Jag har spelat in mig själv otaliga gånger, och därför också lyssnat på mig själv otaliga gånger, vid tillfällen då det passar bättre att ta anteckningar efteråt än under tiden. I en optimal värld är man såklart fullfjädrad på att intervjua från början, men ärligt talat, vi kan alla lära oss att bli bättre. Och man blir bättre för varje gång man tar en utvärderingsrunda på sig själv.

Är du redo? Här kommer några av mina insikter av vad jag har gjort:

  • Hummat när jag håller med om vad en person säger, trots att hummandet kommer mitt under deras uttalande (SKÄMSKUDDE)
  • Använt uttrycket ”ja precis” på ett nästan ticks-mässigt sätt både när jag fyller på, och när jag är redo för nästa fråga.
  • Tagit vid nästa fråga lite för snabbt. Det är så viktigt med pauser och tystnader, att ge samtalspartnern en chans att fundera och komma på mer att säga.
  • Totalt missat helt uppenbara följdfrågor.
  • Missat dinglande trådar som bara väntar att nystas i

Numera är min röst en röst som alla andra (nästan), och jag behöver inte plocka fram skämskudden lika ofta. För varje genomlyssning blir jag lite duktigare på att hitta de där frågorna redan under intervjun, får ett bättre kroppsspråk, och undviker det där hummandet.

Har du spelat in dig själv – och vad lärde du dig? Lämna gärna en kommentar!

Boktips: Interviewing Users How to Uncover Compelling Insights av Steve Portigal


Elin Fallenius Head of IT Demand & BRM på ÅF.

Hemma hos på ÅF gav mersmak

Ola Nilsson

Ett populärt koncept för inUse Academys kurser, workshops och föreläsningar är hemma-hos-varianterna. Nyligen körde inUse en Effektkartläggningsworkshop hos ÅF i Solna.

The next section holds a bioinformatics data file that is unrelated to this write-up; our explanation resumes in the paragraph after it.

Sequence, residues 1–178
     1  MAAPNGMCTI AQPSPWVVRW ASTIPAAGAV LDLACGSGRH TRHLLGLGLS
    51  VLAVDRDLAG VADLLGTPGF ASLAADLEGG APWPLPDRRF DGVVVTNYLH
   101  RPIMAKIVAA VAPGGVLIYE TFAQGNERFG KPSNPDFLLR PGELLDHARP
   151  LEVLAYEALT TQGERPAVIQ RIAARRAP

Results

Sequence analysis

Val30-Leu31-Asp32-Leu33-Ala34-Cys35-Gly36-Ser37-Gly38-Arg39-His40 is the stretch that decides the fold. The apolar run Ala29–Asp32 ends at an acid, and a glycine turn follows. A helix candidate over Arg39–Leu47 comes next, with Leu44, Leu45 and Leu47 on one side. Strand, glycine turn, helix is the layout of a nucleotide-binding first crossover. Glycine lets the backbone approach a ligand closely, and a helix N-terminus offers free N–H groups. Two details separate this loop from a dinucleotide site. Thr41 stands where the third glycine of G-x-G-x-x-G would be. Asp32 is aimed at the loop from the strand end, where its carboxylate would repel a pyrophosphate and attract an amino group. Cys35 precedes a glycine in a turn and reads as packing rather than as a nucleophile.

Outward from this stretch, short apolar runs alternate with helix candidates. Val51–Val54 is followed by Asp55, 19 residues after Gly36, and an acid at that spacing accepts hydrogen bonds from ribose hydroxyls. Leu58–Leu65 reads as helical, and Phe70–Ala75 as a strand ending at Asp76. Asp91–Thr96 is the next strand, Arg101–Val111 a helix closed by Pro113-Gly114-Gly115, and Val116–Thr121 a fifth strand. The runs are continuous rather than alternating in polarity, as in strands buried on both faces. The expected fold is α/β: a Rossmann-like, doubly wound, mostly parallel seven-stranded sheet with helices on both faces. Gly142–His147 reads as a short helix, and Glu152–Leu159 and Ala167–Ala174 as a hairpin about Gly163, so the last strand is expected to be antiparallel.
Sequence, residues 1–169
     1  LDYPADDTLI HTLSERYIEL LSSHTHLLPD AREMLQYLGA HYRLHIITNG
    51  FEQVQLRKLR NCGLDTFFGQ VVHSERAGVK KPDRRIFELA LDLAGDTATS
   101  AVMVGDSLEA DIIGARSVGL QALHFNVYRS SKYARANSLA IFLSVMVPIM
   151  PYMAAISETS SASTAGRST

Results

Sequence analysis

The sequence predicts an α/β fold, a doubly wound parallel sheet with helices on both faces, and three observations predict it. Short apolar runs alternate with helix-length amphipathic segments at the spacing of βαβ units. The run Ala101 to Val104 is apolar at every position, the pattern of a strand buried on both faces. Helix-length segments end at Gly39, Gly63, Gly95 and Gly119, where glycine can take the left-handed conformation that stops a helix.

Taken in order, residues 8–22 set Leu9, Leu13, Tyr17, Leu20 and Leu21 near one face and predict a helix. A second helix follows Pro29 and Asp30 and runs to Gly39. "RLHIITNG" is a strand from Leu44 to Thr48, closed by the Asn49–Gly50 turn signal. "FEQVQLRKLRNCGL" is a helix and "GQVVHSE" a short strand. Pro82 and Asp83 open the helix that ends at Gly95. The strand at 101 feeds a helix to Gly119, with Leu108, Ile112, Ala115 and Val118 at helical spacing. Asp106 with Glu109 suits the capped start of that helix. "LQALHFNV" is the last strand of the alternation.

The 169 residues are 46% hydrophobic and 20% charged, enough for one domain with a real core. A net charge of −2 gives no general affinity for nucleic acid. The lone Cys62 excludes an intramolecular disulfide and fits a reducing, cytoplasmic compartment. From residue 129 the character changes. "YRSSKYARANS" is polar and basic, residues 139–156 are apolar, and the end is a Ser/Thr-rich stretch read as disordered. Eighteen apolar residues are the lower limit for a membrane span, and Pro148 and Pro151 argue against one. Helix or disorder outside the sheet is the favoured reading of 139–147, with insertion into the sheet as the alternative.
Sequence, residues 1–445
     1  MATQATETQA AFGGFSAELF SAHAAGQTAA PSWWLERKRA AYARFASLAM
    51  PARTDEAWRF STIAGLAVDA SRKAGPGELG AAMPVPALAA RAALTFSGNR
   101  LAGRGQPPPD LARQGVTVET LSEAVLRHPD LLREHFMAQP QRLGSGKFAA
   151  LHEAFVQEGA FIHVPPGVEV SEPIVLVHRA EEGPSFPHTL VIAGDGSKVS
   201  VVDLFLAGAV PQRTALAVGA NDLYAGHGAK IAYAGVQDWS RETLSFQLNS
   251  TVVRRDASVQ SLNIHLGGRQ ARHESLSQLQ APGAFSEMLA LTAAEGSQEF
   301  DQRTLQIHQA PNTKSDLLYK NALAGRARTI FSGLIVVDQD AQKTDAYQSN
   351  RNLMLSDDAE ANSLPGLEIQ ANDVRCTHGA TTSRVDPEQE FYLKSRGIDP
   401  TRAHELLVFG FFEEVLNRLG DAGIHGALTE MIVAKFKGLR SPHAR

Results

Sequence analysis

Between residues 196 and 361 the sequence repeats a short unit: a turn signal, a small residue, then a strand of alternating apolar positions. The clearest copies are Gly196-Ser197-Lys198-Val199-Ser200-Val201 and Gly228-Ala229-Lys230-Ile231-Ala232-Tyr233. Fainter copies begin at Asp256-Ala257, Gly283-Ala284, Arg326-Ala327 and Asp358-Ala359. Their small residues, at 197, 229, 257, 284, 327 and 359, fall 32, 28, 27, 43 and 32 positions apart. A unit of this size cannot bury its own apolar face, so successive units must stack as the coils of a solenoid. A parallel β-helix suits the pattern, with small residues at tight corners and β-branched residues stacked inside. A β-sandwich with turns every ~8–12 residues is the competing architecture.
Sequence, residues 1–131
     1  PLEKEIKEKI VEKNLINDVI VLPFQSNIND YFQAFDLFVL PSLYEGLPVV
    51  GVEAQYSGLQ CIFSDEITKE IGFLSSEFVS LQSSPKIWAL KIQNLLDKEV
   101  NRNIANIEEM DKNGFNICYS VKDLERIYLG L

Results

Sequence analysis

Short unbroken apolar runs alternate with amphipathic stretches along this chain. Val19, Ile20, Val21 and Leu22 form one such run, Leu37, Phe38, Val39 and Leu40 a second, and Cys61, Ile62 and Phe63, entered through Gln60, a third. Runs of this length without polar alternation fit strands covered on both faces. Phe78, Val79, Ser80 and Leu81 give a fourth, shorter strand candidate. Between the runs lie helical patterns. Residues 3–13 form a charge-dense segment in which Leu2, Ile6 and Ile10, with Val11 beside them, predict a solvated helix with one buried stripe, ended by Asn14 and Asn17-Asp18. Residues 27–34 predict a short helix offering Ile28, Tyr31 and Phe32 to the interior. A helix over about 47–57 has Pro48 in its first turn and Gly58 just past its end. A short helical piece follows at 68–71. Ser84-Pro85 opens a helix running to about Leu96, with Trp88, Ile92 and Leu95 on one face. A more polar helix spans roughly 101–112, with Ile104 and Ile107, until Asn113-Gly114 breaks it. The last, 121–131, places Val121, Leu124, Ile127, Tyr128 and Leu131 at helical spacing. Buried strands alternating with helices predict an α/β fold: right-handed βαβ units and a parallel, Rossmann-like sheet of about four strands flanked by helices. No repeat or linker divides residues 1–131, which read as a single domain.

– Workshopen var superbra för oss och jag hoppas att våra medarbetare får energi och vilja att jobba på ett nytt sätt, säger Elin Fallenius på ÅF.

Det finns många fördelar med att få en kurs på hemmaplan. Man sparar tid, man kan hålla ihop gruppen, frågorna blir relevanta för alla medverkande och så vidare. Tillgången till inUse kurser fanns såklart redan innan, men efter att inUse blev en del av ÅF blev det uppenbart enklare.

– Jag har kommit i kontakt med inUse och Mikael Sköld – kursledare och User Experience Strategist & Designer – tidigare. Jag har känt till inUse, och nu efter förvärvet känns det naturligt att ta in kunniga personer internt, säger Elin Fallenius Head of IT Demand & BRM på ÅF.

– Konceptet med Effektkartläggning känner jag själv till sedan tidigare, men jag vill att min grupp ska lära sig konceptet och börja använda det.

Vad är det för team?

– Det är en grupp med Business Analysts, kravanalytiker, som jobbar nära ÅF:s stabsfunktioner och divisionerna. De är länken mellan användarna och utvecklingsteamen och ska förstå verksamhetens processer och behov och omvandla det till IT-lösningar. Vårt mål är att vi göra vardagen lättare för de som jobbar på ÅF, det ska vara lätt att ta ut sitt CV, tidrapportera med mera.

Mer inbokat framöver

Att inUse är till nytta för ÅF och vice versa är på många sätt givet. Nu var det ÅF som fick en rejäl dos användarfokus.

– Jag tror alla fick med sig att ha ett stort fokus på effekterna av de förbättringar vi gör, vad vill vi uppnå, viken skillnad det ska göra för våra användare. Det handlar om att göra skillnad för slutanvändare, inte enbart leverera en funktion.

Mikael Sköld.

Och Effektkartläggnings-nedslaget gav en fortsättning direkt.

– Vi har fortsatt samarbete, Mikael Sköld coachar två av dem i teamet i ett uppdrag nu.

Det är dessutom fler hemma-hos-tillfällen för inUse redan spikade på ÅF. 

– Vi har fler tillfällen inbokade, Jonas Söderström ska komma och prata om Jävla skitsystem!, exempelvis.